In a couple of weeks, there is to be a sit down to discuss this garden in more detail which is desperately needed. At this point, l will also start getting very busy with my garden projects.

Yesterday l took down two-thirds of the compost structure l had set up, realising that the traditional system would not be required. We can offload purely into the dead wall – which, as you can see above, is becoming quite formidable.

I opted to keep one compost unit only in action as this will be easier to manage and deter many from throwing more significant ingredients into the heap that will prove impossible to decompose. The dead wall can also work as a living compost. There will only now be a small call for a hot compost. So a triple unit isn’t required.

As an experienced hot composter with some confidence, people will only bother working with compost piles if they are passionate about the whole organic decomposition process, and many are not. There are few hyperfocused on this as much as l am, but out of 25 people, it is two others only. And as l will be getting busier and busier, l can’t have people calling on my services to work for the garden compost pile, so the decision to reduce the capacity was the best.

As you can also see, the dead wall is coming into its own, and l am super pleased with it – maybe not so much of the nicknames it receives, ranging from the Great Wall of China to the Somme or Hill 60! Hey, ho, it is significant, and in the next few weeks, it’ll get longer still.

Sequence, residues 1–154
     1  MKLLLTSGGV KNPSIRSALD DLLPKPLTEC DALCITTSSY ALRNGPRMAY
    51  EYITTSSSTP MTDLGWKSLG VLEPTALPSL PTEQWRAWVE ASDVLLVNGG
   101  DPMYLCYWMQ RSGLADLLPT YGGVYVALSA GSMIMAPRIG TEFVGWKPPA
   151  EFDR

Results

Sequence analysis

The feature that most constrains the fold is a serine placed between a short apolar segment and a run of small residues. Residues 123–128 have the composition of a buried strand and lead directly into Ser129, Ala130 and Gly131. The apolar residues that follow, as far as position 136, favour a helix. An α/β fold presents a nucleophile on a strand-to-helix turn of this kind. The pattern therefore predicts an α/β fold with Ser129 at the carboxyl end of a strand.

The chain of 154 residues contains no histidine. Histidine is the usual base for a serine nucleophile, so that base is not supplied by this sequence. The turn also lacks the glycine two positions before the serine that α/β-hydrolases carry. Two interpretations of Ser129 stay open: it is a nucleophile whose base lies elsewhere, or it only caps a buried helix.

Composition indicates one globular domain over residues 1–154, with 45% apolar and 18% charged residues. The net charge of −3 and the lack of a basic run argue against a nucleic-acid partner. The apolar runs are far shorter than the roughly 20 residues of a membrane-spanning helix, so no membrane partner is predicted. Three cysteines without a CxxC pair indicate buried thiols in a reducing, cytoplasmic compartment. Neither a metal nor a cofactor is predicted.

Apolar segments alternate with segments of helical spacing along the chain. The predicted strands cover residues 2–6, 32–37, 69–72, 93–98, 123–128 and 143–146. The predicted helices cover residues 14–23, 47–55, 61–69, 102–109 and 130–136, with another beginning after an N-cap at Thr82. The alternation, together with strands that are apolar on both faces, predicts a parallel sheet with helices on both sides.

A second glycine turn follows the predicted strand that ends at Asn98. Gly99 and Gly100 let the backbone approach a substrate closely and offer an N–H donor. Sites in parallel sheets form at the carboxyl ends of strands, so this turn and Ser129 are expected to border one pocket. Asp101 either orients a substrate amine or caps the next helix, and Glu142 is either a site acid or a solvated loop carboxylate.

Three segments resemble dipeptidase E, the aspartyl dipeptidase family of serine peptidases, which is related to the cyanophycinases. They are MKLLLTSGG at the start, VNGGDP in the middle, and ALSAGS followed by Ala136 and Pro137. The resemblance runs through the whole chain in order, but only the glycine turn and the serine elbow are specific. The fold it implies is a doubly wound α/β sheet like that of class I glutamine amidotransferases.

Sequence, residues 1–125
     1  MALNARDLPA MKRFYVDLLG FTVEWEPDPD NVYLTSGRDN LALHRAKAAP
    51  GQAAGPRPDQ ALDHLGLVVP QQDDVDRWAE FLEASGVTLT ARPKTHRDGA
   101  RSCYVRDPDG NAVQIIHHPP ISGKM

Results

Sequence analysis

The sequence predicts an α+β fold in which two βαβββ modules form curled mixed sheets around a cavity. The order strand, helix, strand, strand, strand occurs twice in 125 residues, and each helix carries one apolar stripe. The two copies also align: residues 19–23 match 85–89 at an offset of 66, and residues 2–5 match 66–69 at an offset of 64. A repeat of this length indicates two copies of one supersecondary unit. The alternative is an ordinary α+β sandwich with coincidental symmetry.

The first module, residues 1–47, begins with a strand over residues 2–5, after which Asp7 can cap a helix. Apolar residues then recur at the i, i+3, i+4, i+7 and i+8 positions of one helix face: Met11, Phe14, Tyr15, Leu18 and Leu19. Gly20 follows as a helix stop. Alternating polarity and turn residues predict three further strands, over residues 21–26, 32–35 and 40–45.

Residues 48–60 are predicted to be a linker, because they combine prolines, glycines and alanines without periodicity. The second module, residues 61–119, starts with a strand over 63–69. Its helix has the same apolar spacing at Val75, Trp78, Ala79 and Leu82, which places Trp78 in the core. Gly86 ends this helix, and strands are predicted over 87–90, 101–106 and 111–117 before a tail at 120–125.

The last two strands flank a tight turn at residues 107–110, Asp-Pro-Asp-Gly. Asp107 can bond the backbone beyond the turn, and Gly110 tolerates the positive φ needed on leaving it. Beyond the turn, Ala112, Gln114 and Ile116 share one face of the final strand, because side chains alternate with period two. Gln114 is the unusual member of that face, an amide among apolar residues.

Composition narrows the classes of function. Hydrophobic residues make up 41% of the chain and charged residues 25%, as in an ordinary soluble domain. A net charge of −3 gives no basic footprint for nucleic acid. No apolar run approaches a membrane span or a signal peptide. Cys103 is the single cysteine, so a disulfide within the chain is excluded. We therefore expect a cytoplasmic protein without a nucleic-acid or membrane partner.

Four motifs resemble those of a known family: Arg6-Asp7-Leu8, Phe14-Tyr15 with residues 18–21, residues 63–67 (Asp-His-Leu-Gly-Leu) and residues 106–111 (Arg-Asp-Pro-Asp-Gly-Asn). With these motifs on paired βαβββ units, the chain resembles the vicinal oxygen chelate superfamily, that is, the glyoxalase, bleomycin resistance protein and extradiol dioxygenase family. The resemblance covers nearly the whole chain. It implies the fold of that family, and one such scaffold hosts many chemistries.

But as far as its benefits go, it’s well worth the effort now. Wildlife already loves it, and birds and bees continually frequent it. Once it is completed, it will be an incredible finalised project, even if it is to be one of my last.

Two other elements that could easily encourage my departure from Gazen Salts that l have only lightly touched upon before in previous episodes are ‘stress and expectation of labour’.

I should be more relaxed than l have been with something that is supposed to be fun, and also, since the warden’s departure, there has been an increased expectation of the workload expected from non-paid volunteers. I am one of many to notice how much work we are expected to perform.

Single composting unit with current pile of assorted green and brown wastes

Designs – Earthly Comforts – Inspired by Nature – see collection here

Tales from Gazen Salts Nature Reserve is about my time and stories of my voluntary work with this project.

I’ll see you next episode. Thanks for reading.

Gazen Salts Nature Reserve
Sandwich, Kent, England, UK

Published by The Autistic Composter

Earthly Comforts is a wildlife journaling scrapbook focusing on the countryside, wildlife biodiversity and environmental conservation, flora and fauna volunteering projects, gardening, composting and vermiculture, inspiration, poetry and photography.

14 thoughts on “Tales from Gazen Salts

  1. It actually would never have crossed MY mind either that people in the garden business, either professionally or for conservation or whatever would not understand that you need different kinds of soil for different plants. Maybe because I’ve been growing huge number of house plants since forever ago, one of the absolute basics is knowing what soil each plant needs.

    Around here, you also need to know what plants the deer won’t eat! That’s also really basic.

    Liked by 1 person